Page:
Plankton Lesson Plan

To introduce students to life in the plankton, we suggest the following three-hour lesson.   Our ideas are based on the habitats and facilities in the vicinity of the Friday Harbor Laboratories, though any location with relatively easy access to the coast will do.   If there is not time to take the class to the field, instructors can collect plankton several hours before the class session.  If possible, try to collect at several different times of day, such as at dusk, at night, and in the morning, so as to have a more diverse group of organisms to share. Smith and Johnson's guide offers some hints on how to collect and maintain specimens for observation. Go here for a scanned copy of the handout for the 2000 MIZ class field lesson, including a quick reference to common planktonic organisms.

Larger zooplankton, like crab zoea (0.5 mm or more), can be studied from a small seawater-filled dish under a well-lit dissecting microscope.  smaller specimens, such as echinoderm larvae (0.2 mm), are better viewed under a compound microscope.  Students can put larvae with a little seawater on glass slides, placing cover slips gently on top (putting a little nick of clay at each corner of the coverslip before placement will keep from squishing the organisms).  We encourage students to document what they find in the plankton, either with digital imaging equipment or with pencil sketches in a laboratory notebook.  Also, we suggest that students have both an opportunity to sort through plankton samples on their own, so as to experience the diversity of forms and types of locomotion, and to visit stations where particular organisms have been placed for observation and drawing.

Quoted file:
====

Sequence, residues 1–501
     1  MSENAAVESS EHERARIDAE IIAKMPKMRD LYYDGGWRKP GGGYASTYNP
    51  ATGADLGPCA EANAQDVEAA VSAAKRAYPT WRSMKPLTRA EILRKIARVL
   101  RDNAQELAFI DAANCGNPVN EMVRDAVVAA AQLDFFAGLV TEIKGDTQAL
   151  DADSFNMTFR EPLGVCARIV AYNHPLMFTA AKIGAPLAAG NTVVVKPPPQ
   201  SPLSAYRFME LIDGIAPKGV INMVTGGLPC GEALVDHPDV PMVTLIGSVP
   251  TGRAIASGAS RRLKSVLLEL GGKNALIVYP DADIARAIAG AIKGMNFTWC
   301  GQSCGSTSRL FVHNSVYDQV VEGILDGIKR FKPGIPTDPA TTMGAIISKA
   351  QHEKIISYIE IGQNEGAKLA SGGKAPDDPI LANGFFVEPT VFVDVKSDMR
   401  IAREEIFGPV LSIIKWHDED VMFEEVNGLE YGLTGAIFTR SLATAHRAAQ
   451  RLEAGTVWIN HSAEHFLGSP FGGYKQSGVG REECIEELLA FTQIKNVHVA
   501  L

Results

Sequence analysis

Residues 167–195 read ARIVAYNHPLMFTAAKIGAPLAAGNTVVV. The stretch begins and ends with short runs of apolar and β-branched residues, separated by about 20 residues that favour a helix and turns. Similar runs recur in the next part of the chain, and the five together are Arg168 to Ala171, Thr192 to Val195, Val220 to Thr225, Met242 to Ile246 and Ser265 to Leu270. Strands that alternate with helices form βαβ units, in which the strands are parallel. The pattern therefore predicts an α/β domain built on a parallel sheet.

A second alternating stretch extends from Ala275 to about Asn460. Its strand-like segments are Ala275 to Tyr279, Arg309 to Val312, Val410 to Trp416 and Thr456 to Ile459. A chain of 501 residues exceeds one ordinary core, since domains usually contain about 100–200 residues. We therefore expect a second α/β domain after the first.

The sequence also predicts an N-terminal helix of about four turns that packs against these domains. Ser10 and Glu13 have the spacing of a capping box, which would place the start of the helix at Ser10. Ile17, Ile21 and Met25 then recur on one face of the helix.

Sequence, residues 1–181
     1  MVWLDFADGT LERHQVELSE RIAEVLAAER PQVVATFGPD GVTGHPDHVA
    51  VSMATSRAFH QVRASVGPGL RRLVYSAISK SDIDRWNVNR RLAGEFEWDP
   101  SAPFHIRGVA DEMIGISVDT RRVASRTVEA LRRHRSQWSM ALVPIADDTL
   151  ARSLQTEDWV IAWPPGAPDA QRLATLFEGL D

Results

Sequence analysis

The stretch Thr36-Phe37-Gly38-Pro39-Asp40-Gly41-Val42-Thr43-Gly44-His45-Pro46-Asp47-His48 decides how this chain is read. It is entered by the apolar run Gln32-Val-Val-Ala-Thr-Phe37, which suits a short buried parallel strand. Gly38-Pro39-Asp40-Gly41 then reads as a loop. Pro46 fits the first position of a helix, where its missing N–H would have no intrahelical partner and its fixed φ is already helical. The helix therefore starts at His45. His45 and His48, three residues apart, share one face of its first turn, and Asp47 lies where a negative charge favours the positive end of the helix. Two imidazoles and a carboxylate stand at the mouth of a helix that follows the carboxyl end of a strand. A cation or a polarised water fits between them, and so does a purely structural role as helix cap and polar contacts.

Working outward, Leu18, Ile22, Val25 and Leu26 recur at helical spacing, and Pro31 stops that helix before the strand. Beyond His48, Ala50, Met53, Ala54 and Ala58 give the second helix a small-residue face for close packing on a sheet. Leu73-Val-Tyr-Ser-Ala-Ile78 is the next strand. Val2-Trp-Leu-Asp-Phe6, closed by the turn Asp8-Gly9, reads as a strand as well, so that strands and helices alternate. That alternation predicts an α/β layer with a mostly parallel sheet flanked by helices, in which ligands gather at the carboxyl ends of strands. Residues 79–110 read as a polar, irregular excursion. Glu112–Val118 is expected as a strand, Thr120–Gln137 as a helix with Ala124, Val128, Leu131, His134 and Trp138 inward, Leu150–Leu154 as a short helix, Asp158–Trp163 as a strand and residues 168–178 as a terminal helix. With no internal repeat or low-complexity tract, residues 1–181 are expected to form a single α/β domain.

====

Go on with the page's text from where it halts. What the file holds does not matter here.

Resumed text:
Compound and dissecting microscopes
Plankton nets (e.g. with 150, 300, and 500 micron mesh)
Glass jars mounted on long poles for catching gelatinous plankton
Buckets and jars for collection
Plastic pipetts (cut to different widths for differently sized creatures)
Glass slides and cover slips
Alcohol for cleaning slides
Pencil and sketch paper in a ring binder (for each student)
Identification guides (see the Literature and Links for suggestions)
Tape and marker

15 minutes  Introduction
20 minutes  Plankton collection from the FHL docks.  Be sure to label the collection method on jars and buckets.
15 minutes  Return to lab.  Organization of specimens and orientation of students to lab stations.
15-25 min. / station  Possible stations, depending on the specimens available:
A. Have students look at the sorted specimens, and take note of how body forms vary with different modes of feeding, locomotion, etc. 
B. Have students compare the samples collected with the 150 micron vs. the 500 micron mesh nets. 
C. Use the web page as an identification and teaching resource.
10 minutes  Wrap-up.  Students share interesting observations, specimens with the group. 

Plankton Home    Annelida   Arthropoda   Chaetognatha   Chordata   Cnidaria & Ctenophora   Echinodermata   Mollusca